It was ten years ago today — Nov. 4, 2008 — that Barack Obama was elected to his first term as President of the United States. Obama took nearly 53 percent of the popular vote nationwide; in Duluth he hauled in more than 68 percent. Democratic-Farmer-Labor Party candidates swept every 2008 contest in Duluth.
The 2018 General Election ballot in Duluth is a two-sided monster with federal, state, county and judicial races galore, plus a three-parted school district referendum question. Election Day is Tuesday, Nov. 6.
With federal, state, county and judicial races on the ballot — and a triad of Duluth School Board questions — there’s plenty for voters to sort through this fall.
The countdown is on with eight weeks left to study up; the General Election will be held on Nov. 6. Below are the races that will appear on ballots in Duluth. Only one of the three Minnesota State Representative races affecting Duluth will appear on individual ballots. See the note on each for a description of which geographic areas apply.
Duluth City Council President Elissa Hansen announced last month she will vacate her at-large council position on July 17 to focus on her new job as president and CEO of the Northspan Group. Hansen began her at-large term in 2016; her replacement will be expected to hold the position until January 2020.
Applications for appointment to Hansen’s soon-to-be-open at-large council seat are available in the city clerk’s office and online at duluthmn.gov.
Completed applications must be received by 4:30 p.m. on Monday, July 9. Applicants will be interviewed by the council on Thursday, July 12, following the regular agenda session.
The process for filling the vacated seat was established by City Council Resolution 18-0471R, adopted by the Duluth City Council on June 11.
There are plenty of federal and state offices up for grabs in 2018, and a little bit of St. Louis County action, but no Duluth City Council or Duluth School Board races.
Remember: Aug. 14 is one of those Primary Elections in which voters must choose a party. One can’t, for example, vote for a Republican governor and a DFL congressman. On the partisan portion of the ballot citizens must vote for the same party in all races. Below are the contests that will be on that ballot, and some notes about what will be part of the Nov. 6 General Election.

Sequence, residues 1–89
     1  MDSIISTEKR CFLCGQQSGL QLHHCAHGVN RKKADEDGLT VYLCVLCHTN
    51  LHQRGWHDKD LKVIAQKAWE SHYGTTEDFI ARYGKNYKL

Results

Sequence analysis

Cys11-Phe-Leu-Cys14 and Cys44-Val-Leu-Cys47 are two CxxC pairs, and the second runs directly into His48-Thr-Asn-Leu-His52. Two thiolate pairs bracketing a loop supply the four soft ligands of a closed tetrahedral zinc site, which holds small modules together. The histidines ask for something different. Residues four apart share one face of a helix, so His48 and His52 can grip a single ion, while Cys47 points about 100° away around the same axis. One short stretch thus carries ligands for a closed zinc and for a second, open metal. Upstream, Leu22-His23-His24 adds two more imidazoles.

All candidates representing the Minnesota Green Party, Legal Marijuana Now Party, Independence Party, Libertarian Party or Grassroots-Legalize Cannabis Party are unopposed in the Primary Election and will appear on the General Election Ballot, as will any unaffiliated candidates.
Minnesota taxpayers might have wondered, while gazing at the State Election Campaign Fund portion of form M1, why there are two political parties dedicated to marijuana legalization. Is there some subset of beliefs that divide the parties to the point where they can’t work together? Does one party want cannabis legalized in a different way than the other?
Two dozen spirited students, faculty, alumni and community members braved the cold on the evening of Dec. 2 to protest in front of the UWS Yellowjacket Union. The protest was held outside of the glitzy Chancellor’s Ball fundraiser to show outrage at the devastating academic program cuts that were announced on the morning of Halloween.
Protesters wore costumes to symbolically reclaim the Halloween that was ruined by the announced cuts. They handed fundraiser attendees candy with the following message printed on them: “Thank you for supporting UWS students! Please ask Chancellor Wachter to reconsider the program suspensions at UWS. More choices for students, not fewer, is what make UWS great.”
The response from those attending the fundraiser was overwhelming supportive, demonstrating yet again how deeply opposed our community is to the gutting of our university. The action closed with a rousing chant of “We’ll Be Back, We’ll Be Back!” And rest assured we will be – again and again – until these draconian cuts are consigned to the dust bin of history!